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Les Belles-soeurs

CTE photo
The Théâtre du Rideau Vert production of Les Belles-soeurs which toured to Paris (1973), with, identifiable in the photo, Nicole Leblanc (third from left), Monique Mercure (fourth from left), Carmen Tremblay (first from right, seated)

Two-act play written in 1965 by Michel Tremblay, premiered at Théâtre du Rideau Vert August 28, 1968, directed by André Brassard with Denise Proulx, Odette Gagnon, Denise Filiatrault, Rita Lafontaine, Luce Guilbeault, Germaine Giroux and Nicole Leblanc among others, with set by Réal Ouellette and costumes by François Barbeau.

The impact of this work is still being debated in Quebec today, but suffice it to say that it changed much of what was believed to be Quebec culture; language, the form of theatre, which plays should be done at which theatres, the displacing of the Old Guard. Indeed, when it was proposed for the Dominion Drama Festival it was turned down by the jury. It was Tremblay's first professionally produced (and now his most-produced and most often translated) work. It set off a storm of controversy, firstly because of the language (a particularly raucous - some say vulgar - joual), and then because it dared to portray working class women doing working class things. Also, it went after men. None of this sounds particularly special today, but in 1968, theatre in Quebec was just releasing itself from religious and morality plays and joining (late) in the Quiet Revolution; although Marcel Dubé and Gratien Gélinas had been writing about "normal" folk for years, they had not been doing it quite like this. The premiere also reinforced the emergence of a long and still-fruitful artistic relationship between Tremblay and director Brassard.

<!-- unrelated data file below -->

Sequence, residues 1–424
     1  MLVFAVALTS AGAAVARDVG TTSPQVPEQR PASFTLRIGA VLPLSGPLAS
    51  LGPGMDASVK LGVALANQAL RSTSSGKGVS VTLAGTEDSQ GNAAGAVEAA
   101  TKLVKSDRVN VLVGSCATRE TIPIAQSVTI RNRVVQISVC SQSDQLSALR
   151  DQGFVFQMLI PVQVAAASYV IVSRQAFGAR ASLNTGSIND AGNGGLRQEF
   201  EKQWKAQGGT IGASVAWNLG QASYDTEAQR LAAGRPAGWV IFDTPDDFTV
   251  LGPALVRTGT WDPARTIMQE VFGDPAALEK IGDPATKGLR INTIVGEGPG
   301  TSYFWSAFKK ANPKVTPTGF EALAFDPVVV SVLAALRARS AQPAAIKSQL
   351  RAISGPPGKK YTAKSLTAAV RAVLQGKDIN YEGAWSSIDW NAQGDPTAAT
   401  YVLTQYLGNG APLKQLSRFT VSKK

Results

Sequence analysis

Along with several translations (notably into Yiddish for the Yiddish Theatre of Montreal and the Bill Glassco/John Van Burek English version premiered at the St. Lawrence Centre, 1973) the work has been rendered in a popular Scottish version as well: The Guid Sisters (translated by Martin Bowman and Bill Findlay) which toured from Scotland to, among other venues, the Centaur Theatre in Montreal. In 1994 the work was revived by the Compagnie Jean-Duceppe and directed by Denise Filiatrault (who had been in the original cast) it became the success of the year. Filiatrault went on to present the work again for Canadian Stage in 1999 starring Janet Wright.

In April 2010, a musical adaptation in French by René Richard Cyr (writer) and Daniel Bélanger (composer) scored a popular success at Théâtre d'Aujourd'hui. In 2014, a more hopeful musical interpretation in English by Brian Hill (book) and Neil Bartram (music) opened at the Segal Centre for Performing Arts.

The story is simplicity itself: Germaine, a Montreal housewife, has won a million Gold Star stamps (stamps given out by grocery stores, which customers stuck into little booklets and exchanged for goods like barbecues and lawn chairs) and has invited all the women she knows to come over and help her stick them into the booklets. As they stick, the women discuss the men in their lives, the church, and their small joys. In one elaborate and thrilling spoken-choral passage the women tell of the joys of Bingo. Germaine doesn't realize until the play's conclusion that while the women are all talking, they are also robbing her of her Gold Star stamps.

It has been published several times in several versions including in French by Leméac, and in English by Talon.

Critics did not know what to do with the work. Martin Malina writing for the Montreal Gazette said, "The handicap of youth carried by director and playwright must raise the over-all score...Both are rookies in professional theatre and one can easily understand why they were given the honor [sic] of opening the Rideau Vert's 20th anniversary season. But it will take at least another try to remove the precociousness from their obvious talents."

Commentary by Gaetan Charlebois

Last updated 2014-10-30